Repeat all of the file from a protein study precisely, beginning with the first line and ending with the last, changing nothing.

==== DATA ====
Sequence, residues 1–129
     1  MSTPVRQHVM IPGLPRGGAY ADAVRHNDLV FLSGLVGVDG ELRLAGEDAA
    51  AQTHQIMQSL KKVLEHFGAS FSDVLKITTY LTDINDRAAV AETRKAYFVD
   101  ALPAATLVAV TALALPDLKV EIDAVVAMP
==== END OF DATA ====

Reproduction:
Sequence, residues 1–129
     1  MSTPVRQHVM IPGLPRGGAY ADAVRHNDLV FLSGLVGVDG ELRLAGEDAA
    51  AQTHQIMQSL KKVLEHFGAS FSDVLKITTY LTDINDRAAV AETRKAYFVD
   101  ALPAATLVAV TALALPDLKV EIDAVVAMP